Plant Based Eating in Tokyo, Japan: a Culinary Adventure in the Far East


I had brought some buckwheat cereal flakes with me from Malaysia to have in a pinch. It was a good call because even if there was a relatively healthy cereal to buy I wouldn’t know it because of the language barrier. I happily enjoyed cereal and almond milk for dinner.

The next day we made our way to a proper, stand alone healthy grocery store called Natural House in Omotesando. It had organic produce, a hot food bar and lots of healthy groceries.

I was determined to buy some groceries so I could cook some basic meals in our hotel room. I asked every worker in the health food store if they spoke English and I finally found someone who did.

She was incredibly kind and she walked around the whole store with me, answering my questions about which items were vegan. If you can find someone who speaks English, it’s gold!

We had lunch at the food bar before heading out.

I had miso veggie soup and some potatoes. Those were two things that I got confirmation were vegan. I also had a ginger ale and it was delicious.

Walking the streets of Tokyo filled my soul with joy.

If you’re ever in a pinch, go to an Izakaya and order pickled cucumbers. Izakaya is the Japanese equivalent to Spanish Tapas: drinks and little bites of food. They’re everywhere.

The cucumbers are vegan, crisp and super yummy. They aren’t really pickled, they are in a salty vinegar sesame brine. So good!

No smoking on the street but you can smoke in some restaurants. It was so nice to walk the streets without smelling cigarettes. It’s always the ex-smokers who get the most bugged by the smell of cigs. I know I’m guilty of this.

Because of the nice worker at the health food store I knew this was organic red miso. I was so stoked to have it! All I had to do was add some hot water and miso to a mug and boom, miso soup in our hotel room was served. This was actually the best miso I’ve ever had.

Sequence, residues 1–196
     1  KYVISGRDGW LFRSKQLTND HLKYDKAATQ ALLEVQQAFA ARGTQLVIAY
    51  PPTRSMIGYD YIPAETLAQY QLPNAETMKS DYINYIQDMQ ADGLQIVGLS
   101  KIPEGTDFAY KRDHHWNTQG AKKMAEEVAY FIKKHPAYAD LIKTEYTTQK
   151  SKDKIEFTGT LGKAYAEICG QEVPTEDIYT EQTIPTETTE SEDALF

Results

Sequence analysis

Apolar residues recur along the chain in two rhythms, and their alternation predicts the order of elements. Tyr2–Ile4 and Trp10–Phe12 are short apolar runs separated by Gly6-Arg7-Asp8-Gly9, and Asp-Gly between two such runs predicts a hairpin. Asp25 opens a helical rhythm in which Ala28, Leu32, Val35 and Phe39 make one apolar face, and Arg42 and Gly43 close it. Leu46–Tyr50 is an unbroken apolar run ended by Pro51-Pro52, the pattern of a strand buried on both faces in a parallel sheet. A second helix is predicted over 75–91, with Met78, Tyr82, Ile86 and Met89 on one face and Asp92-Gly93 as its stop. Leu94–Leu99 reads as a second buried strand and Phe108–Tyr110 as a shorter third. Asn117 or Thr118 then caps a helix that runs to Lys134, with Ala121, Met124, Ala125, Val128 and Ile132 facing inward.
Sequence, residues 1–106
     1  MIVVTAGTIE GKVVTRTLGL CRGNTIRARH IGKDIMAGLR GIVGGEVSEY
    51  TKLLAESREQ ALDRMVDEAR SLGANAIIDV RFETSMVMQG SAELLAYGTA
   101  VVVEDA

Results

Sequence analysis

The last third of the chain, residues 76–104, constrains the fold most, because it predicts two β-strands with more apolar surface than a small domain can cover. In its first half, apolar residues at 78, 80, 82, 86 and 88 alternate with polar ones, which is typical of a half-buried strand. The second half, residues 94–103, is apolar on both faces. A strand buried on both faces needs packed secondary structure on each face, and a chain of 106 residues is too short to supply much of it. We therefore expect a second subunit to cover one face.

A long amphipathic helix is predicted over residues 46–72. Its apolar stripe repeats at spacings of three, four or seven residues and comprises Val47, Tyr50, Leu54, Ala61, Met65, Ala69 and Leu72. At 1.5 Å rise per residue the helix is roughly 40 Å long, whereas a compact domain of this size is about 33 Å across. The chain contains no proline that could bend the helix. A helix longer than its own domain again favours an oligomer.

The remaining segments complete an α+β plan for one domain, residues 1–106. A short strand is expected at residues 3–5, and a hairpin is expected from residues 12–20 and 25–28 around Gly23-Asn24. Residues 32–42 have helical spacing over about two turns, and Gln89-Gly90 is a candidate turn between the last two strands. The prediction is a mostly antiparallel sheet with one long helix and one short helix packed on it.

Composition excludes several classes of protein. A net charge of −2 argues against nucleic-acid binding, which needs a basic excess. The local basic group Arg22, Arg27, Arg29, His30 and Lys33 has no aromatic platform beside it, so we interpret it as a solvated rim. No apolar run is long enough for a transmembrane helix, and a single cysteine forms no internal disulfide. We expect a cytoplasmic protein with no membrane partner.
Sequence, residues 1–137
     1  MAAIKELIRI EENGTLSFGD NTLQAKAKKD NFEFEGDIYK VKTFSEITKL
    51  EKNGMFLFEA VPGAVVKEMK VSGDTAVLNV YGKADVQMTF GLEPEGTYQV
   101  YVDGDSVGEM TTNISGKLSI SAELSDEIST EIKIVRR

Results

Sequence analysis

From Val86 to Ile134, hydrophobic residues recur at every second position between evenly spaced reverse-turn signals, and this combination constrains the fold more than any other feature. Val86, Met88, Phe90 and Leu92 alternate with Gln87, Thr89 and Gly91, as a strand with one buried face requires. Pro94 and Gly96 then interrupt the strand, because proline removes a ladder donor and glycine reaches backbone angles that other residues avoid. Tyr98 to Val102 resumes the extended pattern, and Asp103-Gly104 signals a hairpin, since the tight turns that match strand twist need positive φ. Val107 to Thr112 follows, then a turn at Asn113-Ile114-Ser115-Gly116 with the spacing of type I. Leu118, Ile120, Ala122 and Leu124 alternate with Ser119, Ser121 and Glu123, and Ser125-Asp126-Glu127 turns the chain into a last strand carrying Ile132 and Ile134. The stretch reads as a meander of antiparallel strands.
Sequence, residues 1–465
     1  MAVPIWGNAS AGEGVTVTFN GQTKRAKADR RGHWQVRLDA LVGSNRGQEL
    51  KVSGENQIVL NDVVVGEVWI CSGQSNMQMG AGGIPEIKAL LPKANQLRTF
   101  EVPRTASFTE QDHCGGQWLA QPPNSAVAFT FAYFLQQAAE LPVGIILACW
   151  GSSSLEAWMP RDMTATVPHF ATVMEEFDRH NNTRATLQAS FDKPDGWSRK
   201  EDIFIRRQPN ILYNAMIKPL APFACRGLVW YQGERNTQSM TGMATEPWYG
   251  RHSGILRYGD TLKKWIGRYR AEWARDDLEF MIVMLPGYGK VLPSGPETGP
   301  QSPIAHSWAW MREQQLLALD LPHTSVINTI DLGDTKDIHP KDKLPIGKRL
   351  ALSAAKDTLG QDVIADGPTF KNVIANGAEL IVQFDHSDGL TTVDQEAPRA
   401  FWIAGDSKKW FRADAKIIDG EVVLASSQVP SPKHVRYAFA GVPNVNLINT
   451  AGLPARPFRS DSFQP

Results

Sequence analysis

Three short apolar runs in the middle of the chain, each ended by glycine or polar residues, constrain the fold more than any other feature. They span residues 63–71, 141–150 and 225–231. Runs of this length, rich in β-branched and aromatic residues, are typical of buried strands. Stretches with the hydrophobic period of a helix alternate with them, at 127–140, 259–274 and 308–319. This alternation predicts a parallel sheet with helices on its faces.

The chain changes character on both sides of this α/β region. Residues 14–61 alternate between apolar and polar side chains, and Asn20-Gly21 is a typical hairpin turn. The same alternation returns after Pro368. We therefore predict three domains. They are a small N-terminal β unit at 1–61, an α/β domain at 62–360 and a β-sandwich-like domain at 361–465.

If you ever have tummy troubles when you travel, find some miso ASAP – it will help so much.

Before I left Malaysia I picked up some vegan baked beans and some vegan minestrone soup so I could have it as backup food in Japan. If you have a can of beans or a can of soup and a stove or a microwave, you are golden.

Now that I had my almond milk, I could have some corn flakes at breakfast in our hotel. I also had toast and orange slices.

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Our Sweary Saturday Love Letters are written by our ex-boozer, ex-smoker, plant-loving co-founder, Molly Patrick.


  1. Susan D on August 31, 2019 at 10:14 am

    Wonderful!!!! Sounds like you had a delightful time, and damn girls! You both are tenacious!!!!!

  2. Karen on August 31, 2019 at 10:26 am

    Loved reading this article. Thank you. My condolences to your dad❤???❤???
    Much love, karen

  3. Cisa on August 31, 2019 at 10:43 am

    Having lost my Daddy 5 years ago and watching and caring for older members of my family as they, frankly, decline, my heart goes out to you both. When we were younger, we
    seemed to be sailing in smooth, pleasant waters. As we get older, with those folks in our family declining and dying, it can so often seem that we have now lowered our sails and are simply attempting to adjust to the storm…